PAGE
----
On October 18, 2010, plaintiff received the notice required by Wyatt v. Terhune, 305 F.3d 1033 (9th Cir. 2002), for opposing a motion to dismiss for failure to exhaust administrative remedies pursuant to Rule 12(b) of the Federal Rules of Civil Procedure.


Defendant seeks dismissal on the ground that plaintiff did not identify him as a defendant in the FAC and did not allege any facts establishing liability. Plaintiff argues that his failure to identify Clark as a defendant should be excused because he is proceeding in pro per. Plaintiff next argues that Clark is liable for the delayed provision of medical care upon plaintiff's transfer to High Desert State Prison ("HDSP"). That is, plaintiff claims for the first time in his opposition that Clark failed to inform custody staff that plaintiff was to be housed in a lower bunk and failed to ensure that plaintiff would be seen by a doctor within ten days. Plaintiff asserts that this theory is implicit upon examination of the documents attached to the FAC.

Plaintiff is correct that federal courts have been instructed by the Supreme Court "to liberally construe the 'inartful pleading' of pro se litigants." See Eldridge v. Block, 832 F.2d 1132, 1137 (9th Cir. 1987) (citing Boag v. MacDougall, 454 U.S. 364 (1982) (per curiam). Nonetheless, federal courts may not invent theories of liability or factual allegations for pro se plaintiffs. Unfortunately for plaintiff, he did not identify his theory that the delayed provision of medical care at HDSP was attributable to Clark and did not detail any factual evidence to support that theory. Plaintiff is informed that any theories of liability that he deems are implicit shall be made explicit before a claim may proceed against Clark. Accordingly, defendant's motion to dismiss should be granted.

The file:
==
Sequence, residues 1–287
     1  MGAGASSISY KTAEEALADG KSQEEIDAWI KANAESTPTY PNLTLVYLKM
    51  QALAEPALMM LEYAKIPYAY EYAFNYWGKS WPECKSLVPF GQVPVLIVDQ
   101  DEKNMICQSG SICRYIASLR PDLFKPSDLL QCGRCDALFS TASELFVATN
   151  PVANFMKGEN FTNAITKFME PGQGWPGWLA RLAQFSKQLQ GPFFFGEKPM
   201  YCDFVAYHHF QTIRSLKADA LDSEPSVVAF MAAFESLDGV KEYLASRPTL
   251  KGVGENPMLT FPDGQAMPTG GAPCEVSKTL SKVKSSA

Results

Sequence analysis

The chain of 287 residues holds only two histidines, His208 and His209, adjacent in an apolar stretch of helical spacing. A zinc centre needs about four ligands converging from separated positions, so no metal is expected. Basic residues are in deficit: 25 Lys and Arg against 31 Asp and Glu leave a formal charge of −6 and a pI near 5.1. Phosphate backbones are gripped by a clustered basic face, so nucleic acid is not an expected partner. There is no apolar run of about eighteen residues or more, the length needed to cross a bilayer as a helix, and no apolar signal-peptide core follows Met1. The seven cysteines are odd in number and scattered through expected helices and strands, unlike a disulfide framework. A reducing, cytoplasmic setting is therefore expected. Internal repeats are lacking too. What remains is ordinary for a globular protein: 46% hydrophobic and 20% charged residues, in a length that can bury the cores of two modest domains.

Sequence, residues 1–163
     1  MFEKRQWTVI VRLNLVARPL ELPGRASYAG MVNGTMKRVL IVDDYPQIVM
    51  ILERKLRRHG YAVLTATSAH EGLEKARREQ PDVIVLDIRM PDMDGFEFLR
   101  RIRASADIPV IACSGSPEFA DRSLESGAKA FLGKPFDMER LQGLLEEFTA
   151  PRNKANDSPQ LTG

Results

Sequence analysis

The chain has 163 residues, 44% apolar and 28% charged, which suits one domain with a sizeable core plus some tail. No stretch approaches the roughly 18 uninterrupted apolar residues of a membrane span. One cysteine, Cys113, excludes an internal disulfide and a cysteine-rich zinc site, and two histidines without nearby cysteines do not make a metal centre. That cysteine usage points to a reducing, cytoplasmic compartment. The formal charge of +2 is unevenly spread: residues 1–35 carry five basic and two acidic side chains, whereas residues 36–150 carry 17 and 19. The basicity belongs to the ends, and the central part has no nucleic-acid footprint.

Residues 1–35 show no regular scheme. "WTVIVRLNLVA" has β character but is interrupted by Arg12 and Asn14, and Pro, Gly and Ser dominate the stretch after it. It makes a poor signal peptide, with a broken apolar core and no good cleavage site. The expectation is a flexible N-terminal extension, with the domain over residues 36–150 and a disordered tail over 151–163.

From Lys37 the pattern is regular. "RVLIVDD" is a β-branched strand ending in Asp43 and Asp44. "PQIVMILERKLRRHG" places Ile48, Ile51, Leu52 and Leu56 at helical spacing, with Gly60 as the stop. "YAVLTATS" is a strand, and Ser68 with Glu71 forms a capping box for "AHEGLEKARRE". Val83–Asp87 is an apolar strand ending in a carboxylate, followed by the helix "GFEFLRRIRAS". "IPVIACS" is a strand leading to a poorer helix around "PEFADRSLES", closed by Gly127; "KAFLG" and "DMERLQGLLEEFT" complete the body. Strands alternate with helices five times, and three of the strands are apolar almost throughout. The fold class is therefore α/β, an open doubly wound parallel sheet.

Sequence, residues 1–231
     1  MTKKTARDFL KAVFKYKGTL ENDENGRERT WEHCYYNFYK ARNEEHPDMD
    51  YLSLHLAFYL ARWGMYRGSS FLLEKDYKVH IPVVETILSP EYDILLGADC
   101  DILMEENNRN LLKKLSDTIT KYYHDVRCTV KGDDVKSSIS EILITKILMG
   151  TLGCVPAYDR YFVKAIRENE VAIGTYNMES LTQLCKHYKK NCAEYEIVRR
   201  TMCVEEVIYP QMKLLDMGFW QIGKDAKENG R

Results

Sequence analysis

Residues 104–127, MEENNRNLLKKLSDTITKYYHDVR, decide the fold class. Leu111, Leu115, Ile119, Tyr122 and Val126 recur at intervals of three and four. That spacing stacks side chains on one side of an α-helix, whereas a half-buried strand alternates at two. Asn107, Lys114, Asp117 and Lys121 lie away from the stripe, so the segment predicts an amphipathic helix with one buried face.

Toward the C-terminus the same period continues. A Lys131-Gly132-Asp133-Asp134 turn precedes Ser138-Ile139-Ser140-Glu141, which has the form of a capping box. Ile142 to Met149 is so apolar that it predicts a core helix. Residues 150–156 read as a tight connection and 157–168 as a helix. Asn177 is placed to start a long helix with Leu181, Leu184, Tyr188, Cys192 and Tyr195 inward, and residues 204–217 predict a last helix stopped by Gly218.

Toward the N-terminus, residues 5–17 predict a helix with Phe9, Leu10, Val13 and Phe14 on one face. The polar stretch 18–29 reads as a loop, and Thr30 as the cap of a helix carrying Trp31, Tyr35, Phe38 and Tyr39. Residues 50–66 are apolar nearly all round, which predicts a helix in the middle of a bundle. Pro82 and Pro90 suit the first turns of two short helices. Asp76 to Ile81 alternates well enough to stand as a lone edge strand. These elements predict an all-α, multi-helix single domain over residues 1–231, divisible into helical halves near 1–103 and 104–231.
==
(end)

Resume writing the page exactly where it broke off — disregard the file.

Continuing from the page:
"In dismissing for failure to state a claim under Rule 12(b)(6) a district court should grant leave to amend even if no request to amend the pleading was made, unless it determines that the pleading could not possibly be cured by the allegation of other facts." Lopez v. Smith, 203 F.3d 1122, 1127 (9th Cir. 2000) (en banc). Here, the court finds that leave to amend is warranted.


1. Defendant's motion to dismiss be granted; and

2. Plaintiff be granted leave to amend.

These findings and recommendations are submitted to the United States District Judge assigned to the case, pursuant to the provisions of 28 U.S.C. § 636(b)(l). Within fourteen days after being served with these findings and recommendations, any party may file written objections with the court and serve a copy on all parties. Such a document should be captioned "Objections to Magistrate Judge's Findings and Recommendations." Any response to the objections shall be filed and served within fourteen days after service of the objections. The parties are advised that failure to file objections within the specified time may waive the right to appeal the District Court's order. Martinez v. Ylst, 951 F.2d 1153 (9th Cir. 1991).